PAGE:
Baked Stuffed Onions with Apples Recipe

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Photo by Barbara Damrosch
These apple-stuffed onions make a great brunch companion or a side to roasted pork.
6 servings SERVINGS


  • 6 medium onions, peeled
  • 2 tbsp butter, plus extra for smearing the dish
  • 2 apples, peeled, cored, and chopped, about 1-1/2 cups
  • 1/2 tsp sea salt
  • 1/4 tsp ground nutmeg
  • 1 tsp fresh thyme leaves or 1/2 tsp dried


    • Preheat the oven to 350 degrees Fahrenheit.
    • Slice off the bottom of each onion so it sits upright but still holds together at the base. Then, slice off about a quarter of the top and discard or save for another use.
    • Scoop out the inside of the onion, leaving 2 layers of the outer wall, to make a little bowl. A melon baller is the best tool for this job, but a curved, serrated grapefruit knife or even just a paring knife and small spoon will also work. Don’t worry if you puncture the bottom; it will still hold the stuffing.
    • After you’ve scooped out all the onions, chop what you’ve removed.
    • Melt the butter in a small pan and add 1 cup of the chopped onions, 1-1/2 cups of the chopped apple, and the salt, nutmeg, and thyme.
    • Stir over low heat for about 15 minutes, or until the mixture is soft.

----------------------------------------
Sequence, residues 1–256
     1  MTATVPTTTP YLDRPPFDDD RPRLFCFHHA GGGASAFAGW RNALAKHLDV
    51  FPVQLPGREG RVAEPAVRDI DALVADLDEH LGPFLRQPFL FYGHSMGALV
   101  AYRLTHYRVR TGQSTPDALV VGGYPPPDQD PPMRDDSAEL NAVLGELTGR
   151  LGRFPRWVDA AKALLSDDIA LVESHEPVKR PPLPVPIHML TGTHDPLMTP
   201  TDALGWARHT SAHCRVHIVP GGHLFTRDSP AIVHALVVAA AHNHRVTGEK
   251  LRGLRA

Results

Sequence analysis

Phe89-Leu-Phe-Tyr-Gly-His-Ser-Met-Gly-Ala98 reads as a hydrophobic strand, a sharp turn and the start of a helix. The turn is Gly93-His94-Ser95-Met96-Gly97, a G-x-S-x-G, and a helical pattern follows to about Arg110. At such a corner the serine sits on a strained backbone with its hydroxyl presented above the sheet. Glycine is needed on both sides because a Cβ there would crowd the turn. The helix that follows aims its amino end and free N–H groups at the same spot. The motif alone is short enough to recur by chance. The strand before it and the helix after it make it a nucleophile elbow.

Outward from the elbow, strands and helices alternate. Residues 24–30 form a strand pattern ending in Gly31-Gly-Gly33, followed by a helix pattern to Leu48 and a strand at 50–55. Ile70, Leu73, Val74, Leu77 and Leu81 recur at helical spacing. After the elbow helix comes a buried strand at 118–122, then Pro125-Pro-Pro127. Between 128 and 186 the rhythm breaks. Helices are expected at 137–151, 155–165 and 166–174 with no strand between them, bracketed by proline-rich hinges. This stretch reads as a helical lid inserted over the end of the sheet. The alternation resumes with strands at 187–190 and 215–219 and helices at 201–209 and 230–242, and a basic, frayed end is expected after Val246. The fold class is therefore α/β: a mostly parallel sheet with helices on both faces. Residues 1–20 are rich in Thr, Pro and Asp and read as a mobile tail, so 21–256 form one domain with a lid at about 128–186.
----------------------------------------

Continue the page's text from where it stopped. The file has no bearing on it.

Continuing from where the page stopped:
• Fill the onion bowls, mounding the tops, and set them in a small, buttered baking dish.
    • Pour 1/2 inch of water into the dish and bake until the sides of the onion bowls have softened and the filling has browned a bit (about 45 minutes).
    • Serve these baked stuffed onions hot or warm as a side dish or a condiment.
    To cook along with a pork roast, set the uncooked, stuffed onions around the meat during the last hour of cooking For more delicious apples and onions recipes, and for more about growing and cooking with apples and onions, see: Perfectly Paired Apples and Onions: Recipes and Growing Tips Chicken with Apples and Onions Fall Salad with Apples and Cheese

    The first time I made this sweet-and-savory stuffed onion recipe, it was to jazz up a simple brunch of bacon and eggs. Its fruitiness complements the fattiness of any pork dish, either served as a garnish or cooked alongside the meat in a roasting pan.